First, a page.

The feat was recorded in a study published today in the journal “Biology Letters” by Oregon State University biologist Bruce Mate, chair of the school’s Marine Mammal Institute. Mate and his colleagues spent years tracking the migration of Western North Pacific gray whales, a critically endangered species living off the coast of Russia. What they found surprised them, in more ways than one.
First, there was the impressive, trans-oceanic journey, which bested the previous record (a 11,706-mile round trip by a humpback whale reported in 2011) by more than 2,000 miles. The migration from feeding grounds in Russia to breeding areas off the coast of Mexico was made by at least two other whales: a 13-year-old male named Flex and a 6-year-old female called Agent. All three were tagged and monitored via satellite during the 2011-2012 migratory season.
The duration and difficulty of the journey has challenged Mate’s assumptions about how gray whales migrate.
“I’ve had to revise my thinking completely,” he said in a phone interview.
Previously, most gray whales were thought to remain on their respective coast lines (either in Asia or North America) and set their path by keeping an eye — or an ear — on the shore, like a swimmer following a lane line. They learn their migratory route from their mothers, who lead them from breeding grounds in the south to feeding areas up north during their first year of life, and simply repeat that journey year after year.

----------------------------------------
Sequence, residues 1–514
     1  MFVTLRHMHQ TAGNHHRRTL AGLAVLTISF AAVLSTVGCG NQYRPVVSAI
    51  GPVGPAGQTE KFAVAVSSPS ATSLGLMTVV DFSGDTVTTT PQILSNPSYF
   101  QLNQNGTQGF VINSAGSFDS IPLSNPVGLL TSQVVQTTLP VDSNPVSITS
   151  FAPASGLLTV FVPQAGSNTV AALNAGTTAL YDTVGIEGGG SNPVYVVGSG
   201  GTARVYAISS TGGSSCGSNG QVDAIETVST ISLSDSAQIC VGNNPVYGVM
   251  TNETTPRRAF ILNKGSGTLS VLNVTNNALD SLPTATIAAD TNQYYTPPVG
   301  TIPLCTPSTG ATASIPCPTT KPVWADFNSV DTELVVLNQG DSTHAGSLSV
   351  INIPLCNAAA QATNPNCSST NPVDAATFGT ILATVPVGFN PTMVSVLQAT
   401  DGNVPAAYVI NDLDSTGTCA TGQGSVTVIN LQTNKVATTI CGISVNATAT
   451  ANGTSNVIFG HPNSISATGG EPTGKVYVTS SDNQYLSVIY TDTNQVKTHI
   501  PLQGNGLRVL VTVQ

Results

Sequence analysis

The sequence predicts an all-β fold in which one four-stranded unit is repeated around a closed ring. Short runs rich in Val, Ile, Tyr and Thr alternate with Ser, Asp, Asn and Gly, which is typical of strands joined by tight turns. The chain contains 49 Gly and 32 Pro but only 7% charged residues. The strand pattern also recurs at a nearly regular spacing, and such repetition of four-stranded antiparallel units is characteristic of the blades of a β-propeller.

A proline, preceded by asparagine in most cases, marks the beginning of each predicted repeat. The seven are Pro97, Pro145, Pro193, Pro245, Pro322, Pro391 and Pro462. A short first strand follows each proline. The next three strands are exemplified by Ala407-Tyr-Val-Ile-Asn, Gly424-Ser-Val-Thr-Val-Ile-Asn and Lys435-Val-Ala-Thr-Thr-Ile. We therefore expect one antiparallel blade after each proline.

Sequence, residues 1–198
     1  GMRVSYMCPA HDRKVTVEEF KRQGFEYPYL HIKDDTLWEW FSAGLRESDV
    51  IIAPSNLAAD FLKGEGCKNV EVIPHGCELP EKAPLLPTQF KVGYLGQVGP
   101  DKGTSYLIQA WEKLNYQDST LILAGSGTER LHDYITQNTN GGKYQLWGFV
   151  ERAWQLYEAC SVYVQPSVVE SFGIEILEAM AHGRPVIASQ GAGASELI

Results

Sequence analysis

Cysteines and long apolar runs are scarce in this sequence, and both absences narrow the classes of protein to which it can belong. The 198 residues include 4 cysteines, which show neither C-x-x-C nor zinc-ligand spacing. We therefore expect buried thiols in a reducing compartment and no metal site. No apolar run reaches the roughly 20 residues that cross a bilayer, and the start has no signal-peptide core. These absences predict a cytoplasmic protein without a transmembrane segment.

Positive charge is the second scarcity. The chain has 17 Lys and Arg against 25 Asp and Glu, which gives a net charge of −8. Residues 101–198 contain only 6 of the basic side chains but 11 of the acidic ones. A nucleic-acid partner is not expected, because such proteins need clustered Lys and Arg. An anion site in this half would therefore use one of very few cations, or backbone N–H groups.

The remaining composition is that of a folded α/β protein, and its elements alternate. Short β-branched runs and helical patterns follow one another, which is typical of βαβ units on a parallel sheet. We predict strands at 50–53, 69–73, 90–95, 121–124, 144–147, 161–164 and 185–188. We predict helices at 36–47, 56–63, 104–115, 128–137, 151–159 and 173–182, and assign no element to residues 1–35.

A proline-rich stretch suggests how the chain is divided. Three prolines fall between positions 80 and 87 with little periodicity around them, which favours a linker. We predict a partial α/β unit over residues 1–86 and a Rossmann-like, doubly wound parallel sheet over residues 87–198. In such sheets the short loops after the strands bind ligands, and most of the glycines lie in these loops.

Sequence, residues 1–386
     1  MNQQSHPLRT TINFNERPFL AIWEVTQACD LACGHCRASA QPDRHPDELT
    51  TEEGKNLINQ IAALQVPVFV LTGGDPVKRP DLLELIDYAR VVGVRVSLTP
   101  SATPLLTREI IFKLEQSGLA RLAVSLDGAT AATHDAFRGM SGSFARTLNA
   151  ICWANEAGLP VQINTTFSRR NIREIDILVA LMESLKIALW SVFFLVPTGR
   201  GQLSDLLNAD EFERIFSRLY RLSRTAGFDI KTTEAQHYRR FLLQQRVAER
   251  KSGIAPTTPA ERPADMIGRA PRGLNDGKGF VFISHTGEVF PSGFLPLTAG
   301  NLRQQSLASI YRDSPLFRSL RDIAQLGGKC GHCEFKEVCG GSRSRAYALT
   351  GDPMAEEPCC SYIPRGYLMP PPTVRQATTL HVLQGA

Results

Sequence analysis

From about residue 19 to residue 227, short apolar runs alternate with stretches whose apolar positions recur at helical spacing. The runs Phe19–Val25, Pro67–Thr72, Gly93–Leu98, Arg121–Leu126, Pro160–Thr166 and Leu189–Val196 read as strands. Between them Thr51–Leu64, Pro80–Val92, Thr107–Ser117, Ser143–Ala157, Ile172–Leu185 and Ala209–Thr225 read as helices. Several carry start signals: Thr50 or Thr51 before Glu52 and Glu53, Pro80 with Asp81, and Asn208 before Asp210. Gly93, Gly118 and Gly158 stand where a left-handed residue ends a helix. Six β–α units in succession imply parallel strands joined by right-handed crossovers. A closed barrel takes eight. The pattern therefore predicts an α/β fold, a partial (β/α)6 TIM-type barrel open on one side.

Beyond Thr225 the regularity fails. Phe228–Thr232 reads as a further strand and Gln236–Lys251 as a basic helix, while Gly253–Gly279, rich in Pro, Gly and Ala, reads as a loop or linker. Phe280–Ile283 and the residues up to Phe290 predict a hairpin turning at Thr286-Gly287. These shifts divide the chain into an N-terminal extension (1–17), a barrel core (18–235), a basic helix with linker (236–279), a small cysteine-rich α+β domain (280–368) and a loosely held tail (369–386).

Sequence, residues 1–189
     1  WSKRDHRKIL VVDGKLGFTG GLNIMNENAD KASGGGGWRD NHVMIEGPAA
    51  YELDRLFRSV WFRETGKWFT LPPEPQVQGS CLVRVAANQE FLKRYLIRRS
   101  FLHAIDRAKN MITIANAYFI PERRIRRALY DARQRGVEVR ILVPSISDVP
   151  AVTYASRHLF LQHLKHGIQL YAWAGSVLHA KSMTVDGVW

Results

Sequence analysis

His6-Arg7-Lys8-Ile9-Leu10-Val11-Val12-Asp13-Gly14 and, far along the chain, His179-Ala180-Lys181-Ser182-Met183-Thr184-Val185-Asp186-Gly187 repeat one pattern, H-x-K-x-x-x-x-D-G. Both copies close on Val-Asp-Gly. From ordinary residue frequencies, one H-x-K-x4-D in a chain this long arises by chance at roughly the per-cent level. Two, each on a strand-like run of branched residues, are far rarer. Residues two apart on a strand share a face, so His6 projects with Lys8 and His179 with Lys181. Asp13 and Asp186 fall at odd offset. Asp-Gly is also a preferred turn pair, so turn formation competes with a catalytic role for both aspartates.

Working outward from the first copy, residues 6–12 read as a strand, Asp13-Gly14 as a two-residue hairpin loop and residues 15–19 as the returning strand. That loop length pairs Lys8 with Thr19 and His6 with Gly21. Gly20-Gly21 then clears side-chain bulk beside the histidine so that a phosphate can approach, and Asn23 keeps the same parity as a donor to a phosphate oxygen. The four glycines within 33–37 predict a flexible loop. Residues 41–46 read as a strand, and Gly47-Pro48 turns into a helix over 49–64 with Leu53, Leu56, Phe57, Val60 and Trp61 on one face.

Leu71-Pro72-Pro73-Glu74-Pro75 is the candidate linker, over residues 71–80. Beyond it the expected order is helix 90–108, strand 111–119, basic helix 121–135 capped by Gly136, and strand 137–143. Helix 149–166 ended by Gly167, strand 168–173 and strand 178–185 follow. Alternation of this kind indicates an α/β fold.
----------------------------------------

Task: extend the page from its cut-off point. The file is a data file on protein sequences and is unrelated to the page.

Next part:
But Varvara made her trip without the help of any of that. Moving faster than her counterparts on either coast, she made her way from Russia to Alaska by swimming straight across the Bering Sea, an area with deep water and little in the way of landmarks to guide her. Instead of retracing her steps on the return journey, she swam a new path — this time hugging the Alaskan coastline. At least one of those routes was not the one her mother had taught her, suggesting previously unsuspected navigational abilities.
“Needless to say, we’re impressed,” Mate said. “How she did it remains to be seen.”
The trans-oceanic journey has also forced Mate to question whether Varvara, Flex and Agent were Western North Pacific gray whales (called WGWs) at all. WGWs feed in the productive waters off the coast of northeastern Russia, then swim south into the sea of Japan to breed.
Once they reached the North American coast, Mate’s whales joined a population of eastern gray whales — a group that was also hunted nearly to extinction but has since rebounded. The three journeyed south with their eastern counterparts to breeding grounds near the Baja peninsula. Since whales breed in the waters where they were born, this indicates to Mate that the three animals he tracked — as well as about 27 others for which he has photographic and genetic data — are probably eastern gray whales that ventured to new feeding grounds as their population expanded, rather than western ones.
It’s unclear what this means for the Western North Pacific gray whale population, which is thought to include only 100 to 150 members. It’s possible that the 30 trans-oceanic whales Mate knows about are simply mingling with the western stock — meaning that the western population still exists, though it’s even smaller than was thought before the study.
The grimmer possibility is that all 100 or so gray whales that currently feed near Russia are actually eastern whales, and that the western population has vanished altogether.
The International Whaling Commission, the global agency charged with whale conservation and whaling management, is currently conducting a review of North Pacific gray whale ranges, prompted in part by the recent study.
“It’s still under investigation,” Mate said. “We don’t know what we don’t know yet.”